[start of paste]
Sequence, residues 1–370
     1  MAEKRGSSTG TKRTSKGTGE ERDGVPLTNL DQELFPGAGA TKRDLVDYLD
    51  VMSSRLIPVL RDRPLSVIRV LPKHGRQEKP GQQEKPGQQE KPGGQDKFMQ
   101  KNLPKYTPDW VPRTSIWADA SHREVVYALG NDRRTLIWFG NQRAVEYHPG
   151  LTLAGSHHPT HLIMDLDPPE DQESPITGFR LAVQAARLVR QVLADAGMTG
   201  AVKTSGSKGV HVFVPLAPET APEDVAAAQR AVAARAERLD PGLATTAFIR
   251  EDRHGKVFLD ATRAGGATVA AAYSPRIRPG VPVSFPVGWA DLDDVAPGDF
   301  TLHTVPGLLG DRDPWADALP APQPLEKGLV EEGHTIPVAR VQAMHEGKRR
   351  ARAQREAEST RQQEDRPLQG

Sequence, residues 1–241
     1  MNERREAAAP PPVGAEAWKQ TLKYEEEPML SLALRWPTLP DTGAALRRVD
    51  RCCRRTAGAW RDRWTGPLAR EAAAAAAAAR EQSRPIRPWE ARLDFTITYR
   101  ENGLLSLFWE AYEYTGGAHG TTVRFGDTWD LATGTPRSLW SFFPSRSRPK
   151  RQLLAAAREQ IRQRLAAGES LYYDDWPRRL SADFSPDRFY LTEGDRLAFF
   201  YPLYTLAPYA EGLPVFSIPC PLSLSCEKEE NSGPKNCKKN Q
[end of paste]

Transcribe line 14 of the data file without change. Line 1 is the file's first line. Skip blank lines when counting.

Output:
   151  RQLLAAAREQ IRQRLAAGES LYYDDWPRRL SADFSPDRFY LTEGDRLAFF